About this Recording
8.550327 - RHAPSODY

George Enescu (1881 - 1955)
Rhapsody Rumanian Rhapsody Op. 11, No.1
Rumanian Rhapsody Op. 11, No.2

Antonin Dvořák (1841 - 1904)
Slavonic Rhapsody Op. 45, No.3
Franz Liszt (1811 - 1886) Hungarian Rhapsody, No.2 (No.12)

Maurice Ravel (1875 - 1937)
Spanish Rhapsody

In ancient Greece, The source of the word, a rhapsody was part of an episodic poem, chanted by the rhapsodist, one section stitched, as it were, to the next. The early nineteenth century found a new use for the word. In Prague the Bohemian composer Vaclav Tomasek plundered the vocabulary of classical Greece for his piano Eclogues, Dithyrambs and a series of fifteen Rhapsodies. The last term, at least, caught on, and the century saw a continuing use of the word to describe composition in free form, often highly dramatic and equally often turning to national themes.

Franz Liszt added particularly to the rhapsodic repertoire with his nineteen Hungarian Rhapsodies. Misunderstanding the nature of the music he imitated and transformed, he considered his Rhapsodies an embodiment of gypsy music, untrammelled by the trappings of the conventional world. It took the twentieth century Hungarian composer and enthusiastic folk-music collector Bela Barlók to draw attention to Liszt's mistake, What passed in Hungary for gypsy music was largely written by those of a more privileged class, but played by the gypsies to entertain their betters. So-called Hungarian gypsy music was, in fact, popular art music, but none the less Hungarian for that. The most popular of Liszt's Hungarian Rhapsodies, No.2 in the orchestral arrangements the composer made with the aid of Franz Doppler, and No.12 in the set of 19 for piano, was composed in 1853 and dedicated to the young virtuoso violinist Joseph Joachim, who that year had brought Brahms to visit him. It is based on earlier versions made by Liszt in the 1840s, evidence of the composer's growing loyalty to a country that he had left in childhood, and the language of which he had never learned. With the growing success of Hungarian nationalism within the Habsburg Empire, Liszt was to become something of a national hero, a position that the popular Rhapsodies did much to justify.

For Liszt and for many of his contemporaries in Paris the words gypsy and Bohemian were synonymous. Antonín Dvořák was no gypsy, but of sound Bohemian village stock, the son of a butcher-cum-innkeeper. In spite of early difficulties, he succeeded in making his way in Prague, where he worked for a number of years as an orchestral viola-player, before turning primarily to composition as a means of earning a living. In this latter course he had the encouragement of Brahms, whose own piano duet Hungarian Dances led to Dvořák's equally successful Slavonic Dances. The three Slavonic Rhapsodies were written in the same year as the first series of dances, 1878. The third of the set opens with a passage for the harp, the prelude to some bardic song, followed by the woodwind, deployed with the composer's usual skill. The violins enter with a flourish and the drama intensifies, before the appearance of a winning dance-tune. There is an interlude, during which solo violin and flute lead back to the dance once more. After further moments of brief repose, the music whirls to an end that brings its own surprise.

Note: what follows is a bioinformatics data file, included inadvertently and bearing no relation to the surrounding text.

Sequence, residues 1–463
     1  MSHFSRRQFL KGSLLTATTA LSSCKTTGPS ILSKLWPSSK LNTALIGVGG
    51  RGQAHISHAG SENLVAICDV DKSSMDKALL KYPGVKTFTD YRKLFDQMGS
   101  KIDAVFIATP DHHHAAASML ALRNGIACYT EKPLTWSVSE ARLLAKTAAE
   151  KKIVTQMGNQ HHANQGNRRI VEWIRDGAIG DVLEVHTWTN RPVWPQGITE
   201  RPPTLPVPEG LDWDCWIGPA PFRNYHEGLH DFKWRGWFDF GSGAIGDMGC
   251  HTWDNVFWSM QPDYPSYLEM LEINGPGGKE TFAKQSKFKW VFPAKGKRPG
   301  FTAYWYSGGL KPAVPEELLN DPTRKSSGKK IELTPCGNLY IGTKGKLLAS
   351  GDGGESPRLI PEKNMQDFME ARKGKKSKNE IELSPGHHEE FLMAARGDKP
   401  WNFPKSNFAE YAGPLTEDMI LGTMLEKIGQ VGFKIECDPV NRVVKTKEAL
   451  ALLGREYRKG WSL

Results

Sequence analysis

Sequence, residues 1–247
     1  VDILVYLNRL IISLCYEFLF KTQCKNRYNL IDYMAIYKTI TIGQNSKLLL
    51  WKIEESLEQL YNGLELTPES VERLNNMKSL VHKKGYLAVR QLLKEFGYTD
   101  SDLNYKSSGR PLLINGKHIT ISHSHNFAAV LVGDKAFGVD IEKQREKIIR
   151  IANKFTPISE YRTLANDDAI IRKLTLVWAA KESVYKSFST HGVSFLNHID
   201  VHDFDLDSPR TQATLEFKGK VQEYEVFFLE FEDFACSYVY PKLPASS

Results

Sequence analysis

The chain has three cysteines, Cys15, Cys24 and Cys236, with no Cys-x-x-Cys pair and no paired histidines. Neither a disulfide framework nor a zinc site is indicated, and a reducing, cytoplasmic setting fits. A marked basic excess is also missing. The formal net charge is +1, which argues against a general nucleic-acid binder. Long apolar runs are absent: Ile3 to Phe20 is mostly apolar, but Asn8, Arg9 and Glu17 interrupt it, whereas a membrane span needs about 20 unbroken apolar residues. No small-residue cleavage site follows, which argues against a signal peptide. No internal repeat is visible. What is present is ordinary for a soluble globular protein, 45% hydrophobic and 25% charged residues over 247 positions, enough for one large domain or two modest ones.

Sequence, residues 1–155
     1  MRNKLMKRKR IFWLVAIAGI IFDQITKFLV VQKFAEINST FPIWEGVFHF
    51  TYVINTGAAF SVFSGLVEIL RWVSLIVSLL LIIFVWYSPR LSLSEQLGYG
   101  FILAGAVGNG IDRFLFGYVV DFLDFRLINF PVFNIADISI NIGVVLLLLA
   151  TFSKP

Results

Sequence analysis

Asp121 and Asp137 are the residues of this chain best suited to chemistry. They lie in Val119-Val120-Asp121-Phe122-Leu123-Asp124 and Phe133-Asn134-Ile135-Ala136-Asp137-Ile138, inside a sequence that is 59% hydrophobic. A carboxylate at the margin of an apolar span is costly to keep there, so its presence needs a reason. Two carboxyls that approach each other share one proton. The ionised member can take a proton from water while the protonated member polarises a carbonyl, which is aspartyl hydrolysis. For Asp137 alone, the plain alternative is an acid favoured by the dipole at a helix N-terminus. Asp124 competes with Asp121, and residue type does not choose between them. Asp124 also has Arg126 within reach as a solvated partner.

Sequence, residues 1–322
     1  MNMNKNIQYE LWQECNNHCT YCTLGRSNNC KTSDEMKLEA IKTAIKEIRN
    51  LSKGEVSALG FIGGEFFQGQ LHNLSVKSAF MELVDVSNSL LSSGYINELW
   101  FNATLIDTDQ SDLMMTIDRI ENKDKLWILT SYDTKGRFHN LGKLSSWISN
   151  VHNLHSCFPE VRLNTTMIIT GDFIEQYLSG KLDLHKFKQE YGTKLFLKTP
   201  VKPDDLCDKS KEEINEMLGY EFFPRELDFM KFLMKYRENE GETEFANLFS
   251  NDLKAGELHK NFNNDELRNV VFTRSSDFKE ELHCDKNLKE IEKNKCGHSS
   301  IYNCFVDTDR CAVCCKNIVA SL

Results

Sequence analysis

George Enescu, during his long residence in Paris better known as Georges Enesco, was among the leading violinists of the twentieth century. His own interests, nevertheless, centred rather on composition, drawing frequent inspiration from his native country, Rumania, with which he preserved strong connections. His two Rumanian Rhapsodies, Opus 11, completed in 1901, have continued to enjoy wide popularity. They make relatively few demands on the listener and rely heavily on loosely connected episodes based on Rumanian folk-songs and folk-dances. The first Rhapsody uses three well known folk-songs, while the second is based on a Moldavian ballad, an important element in the folk-music of the country, a form in which events from the heroic past are imaginatively related.

The French composer Maurice Ravel inherited from his mother, of Basque origin, a strong interest in Spain, tempered by the precision inherited from his father, a Swiss-born engineer. Spanish influence appeared in the first of his two operas, L'heure espagnole, in the piano piece, published in 1905 as part of Miroirs, Alborada dei gracioso, in the famous Habanera and indeed in the very choice of title for the enormously popular Pavane pour une infante defunte. Later in life the ballet tour de force Bolero provided an opportunity for orchestral virtuosity with a Spanish flavour, and one of his last compositions was the setting of three Don Quixote songs for a film in which Shalyapin was to star. The Rapsodie espagnole was completed in 1908 and consists of four movements, the evocative Prelude a la nuit, Malagueña, Habanera, based on the earlier work for piano, and Feria. It is the first major orchestral work of the composer, a demonstration of his originality and of his gifts as an orchestrator. The music moves from the stillness of night to two characteristic Spanish dances and a final Spanish fiesta.

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